English
 
Help Privacy Policy Disclaimer
  Advanced SearchBrowse

Item

ITEM ACTIONSEXPORT
  A review of wildlife camera trapping trends across Africa

Agha, M., Batter, T., Bolas, E., Collins, A., da Rocha, D., Claudio, M.-M.-M., et al. (2018). A review of wildlife camera trapping trends across Africa. SI, 56(4), 694-701. doi:10.1111/aje.12565.

Item is

Basic

show hide
Genre: Journal Article

Files

show Files

Locators

show

Creators

show
hide
 Creators:
Agha, Mickey1, Author
Batter, Tom1, Author
Bolas, Ellen1, Author
Collins, Amy1, Author
da Rocha, Daniel1, Author
Claudio, Manuel Monteza-Moreno1, Author              
Preckler-Quisquater, Sophie1, Author
Sollmann, Rahel1, Author
Affiliations:
1external, ou_persistent22              

Content

show
hide
Free keywords: NATIONAL-PARK; CONSERVATION; BIODIVERSITY; EXTINCTION; OCCUPANCY; PATTERNS; ELEPHANT; BEHAVIOR; HOTSPOTS; TRAPSEnvironmental Sciences & Ecology; camera trap technology; carnivores; protected areas; wildlife monitoring;
 Abstract: Camera traps (CTs) are used for wildlife monitoring globally. How CTs are used in wildlife studies across Africa, however, remains unknown. We provide the first literature review of CT studies conducted across Africa, to describe where, to what end, and by whom CTs are used, and to identify apparent gaps in the use of CTs. We found 172 CT studies published across 60 scientific journals, conducted in 30 of 55 African countries from 2005 to 2017. Most studies were conducted over a single year/season (74%) and primarily addressed habitat use/species distribution (43%), species presence/richness (38.4%), behaviour (35.5%) or demographics (29.7%). Most studies took place in forest (52%), woodland (33%) and grassland (33%) habitat types, and focused on a single species (45.3%). Carnivores were the most commonly studied species group (86%), followed by large herbivores (58%) and primates (38%). Our results suggest that camera trapping is rapidly increasing in use across Africa and potentially driven by country-based economic factors; however, there is room for improvement. CTs could be expanded in use for studies on underrepresented taxa (i.e. small mammals, reptiles and birds), investigations of human-wildlife conflict and understudied ecoregions (i.e. Sahara Desert).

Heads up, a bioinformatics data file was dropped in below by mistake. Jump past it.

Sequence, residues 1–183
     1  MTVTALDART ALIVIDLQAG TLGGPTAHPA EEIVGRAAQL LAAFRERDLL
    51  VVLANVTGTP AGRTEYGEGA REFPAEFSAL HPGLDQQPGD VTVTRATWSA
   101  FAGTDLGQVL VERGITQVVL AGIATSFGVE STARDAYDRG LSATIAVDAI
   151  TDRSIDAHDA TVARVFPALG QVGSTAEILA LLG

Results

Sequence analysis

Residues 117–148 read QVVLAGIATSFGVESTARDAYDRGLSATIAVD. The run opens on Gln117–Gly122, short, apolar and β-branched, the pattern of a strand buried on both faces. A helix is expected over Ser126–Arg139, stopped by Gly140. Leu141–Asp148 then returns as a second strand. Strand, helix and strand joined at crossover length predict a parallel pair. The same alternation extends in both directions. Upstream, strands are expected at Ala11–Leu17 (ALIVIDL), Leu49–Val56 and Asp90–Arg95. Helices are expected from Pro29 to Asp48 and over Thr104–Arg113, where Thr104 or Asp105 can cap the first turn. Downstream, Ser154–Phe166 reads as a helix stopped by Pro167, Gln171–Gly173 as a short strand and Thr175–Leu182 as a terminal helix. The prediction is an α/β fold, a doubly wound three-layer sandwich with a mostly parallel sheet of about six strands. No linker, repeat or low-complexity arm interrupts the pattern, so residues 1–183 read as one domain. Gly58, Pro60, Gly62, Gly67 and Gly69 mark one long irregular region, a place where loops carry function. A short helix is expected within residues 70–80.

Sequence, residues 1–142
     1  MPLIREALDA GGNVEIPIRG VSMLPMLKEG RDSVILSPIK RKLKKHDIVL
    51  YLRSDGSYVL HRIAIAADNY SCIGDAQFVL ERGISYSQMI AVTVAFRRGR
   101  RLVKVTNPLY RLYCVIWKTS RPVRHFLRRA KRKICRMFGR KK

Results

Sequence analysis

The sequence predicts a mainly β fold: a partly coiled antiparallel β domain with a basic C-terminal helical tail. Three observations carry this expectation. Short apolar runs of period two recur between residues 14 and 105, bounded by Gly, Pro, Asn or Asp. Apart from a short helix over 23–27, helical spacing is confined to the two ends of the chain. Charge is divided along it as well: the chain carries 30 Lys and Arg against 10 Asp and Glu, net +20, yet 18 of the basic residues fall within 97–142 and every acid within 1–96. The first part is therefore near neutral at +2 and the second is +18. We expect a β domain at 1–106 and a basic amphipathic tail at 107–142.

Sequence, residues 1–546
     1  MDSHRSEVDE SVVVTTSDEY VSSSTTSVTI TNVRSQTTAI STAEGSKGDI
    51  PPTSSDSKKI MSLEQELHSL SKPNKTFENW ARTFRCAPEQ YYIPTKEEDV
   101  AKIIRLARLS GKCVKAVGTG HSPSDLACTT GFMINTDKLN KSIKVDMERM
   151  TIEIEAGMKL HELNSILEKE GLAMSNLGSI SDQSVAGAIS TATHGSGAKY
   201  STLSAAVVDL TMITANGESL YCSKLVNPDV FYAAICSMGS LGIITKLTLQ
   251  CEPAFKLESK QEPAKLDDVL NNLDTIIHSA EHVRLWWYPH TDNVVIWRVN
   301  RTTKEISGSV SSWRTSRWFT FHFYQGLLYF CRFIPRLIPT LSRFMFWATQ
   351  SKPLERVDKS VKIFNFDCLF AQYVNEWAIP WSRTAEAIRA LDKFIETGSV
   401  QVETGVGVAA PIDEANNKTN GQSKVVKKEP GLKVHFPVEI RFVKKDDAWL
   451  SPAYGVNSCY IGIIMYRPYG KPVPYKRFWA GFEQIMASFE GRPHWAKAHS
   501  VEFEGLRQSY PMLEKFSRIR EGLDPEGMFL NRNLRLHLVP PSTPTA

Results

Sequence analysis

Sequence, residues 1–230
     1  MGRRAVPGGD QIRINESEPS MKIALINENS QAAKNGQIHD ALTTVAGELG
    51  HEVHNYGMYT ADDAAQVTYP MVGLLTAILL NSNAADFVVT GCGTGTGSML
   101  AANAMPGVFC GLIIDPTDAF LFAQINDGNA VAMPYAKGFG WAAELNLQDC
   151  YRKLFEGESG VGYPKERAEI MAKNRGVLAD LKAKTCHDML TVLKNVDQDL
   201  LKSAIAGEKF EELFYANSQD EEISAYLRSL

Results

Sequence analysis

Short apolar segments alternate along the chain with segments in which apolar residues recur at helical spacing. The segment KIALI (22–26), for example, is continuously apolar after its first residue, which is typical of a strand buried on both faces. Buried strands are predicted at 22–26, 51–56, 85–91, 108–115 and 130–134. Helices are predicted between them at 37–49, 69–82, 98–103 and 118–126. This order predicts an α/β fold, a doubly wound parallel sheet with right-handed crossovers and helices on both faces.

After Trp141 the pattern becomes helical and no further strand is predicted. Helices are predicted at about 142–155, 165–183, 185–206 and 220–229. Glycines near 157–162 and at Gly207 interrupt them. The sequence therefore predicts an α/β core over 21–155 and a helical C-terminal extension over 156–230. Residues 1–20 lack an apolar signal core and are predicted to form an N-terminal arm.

Details

show
hide
Language(s): eng - English
 Dates: 2018
 Publication Status: Published in print
 Pages: 8
 Publishing info: -
 Table of Contents: -
 Rev. Type: -
 Identifiers: ISI: 000451574200003
DOI: 10.1111/aje.12565
 Degree: -

Event

show

Legal Case

show

Project information

show

Source 1

show
hide
Title: SI
Source Genre: Issue
 Creator(s):
Affiliations:
Publ. Info: 111 RIVER ST, HOBOKEN 07030-5774, NJ USA : WILEY
Pages: - Volume / Issue: 56 (4) Sequence Number: - Start / End Page: 694 - 701 Identifier: ISSN: 0141-6707

Source 2

show
hide
Title: AFRICAN JOURNAL OF ECOLOGY
  Alternative Title : AFR J ECOL
  Alternative Title : Afr. J. Ecol.
Source Genre: Journal
 Creator(s):
Affiliations:
Publ. Info: -
Pages: - Volume / Issue: 56 Sequence Number: - Start / End Page: - Identifier: -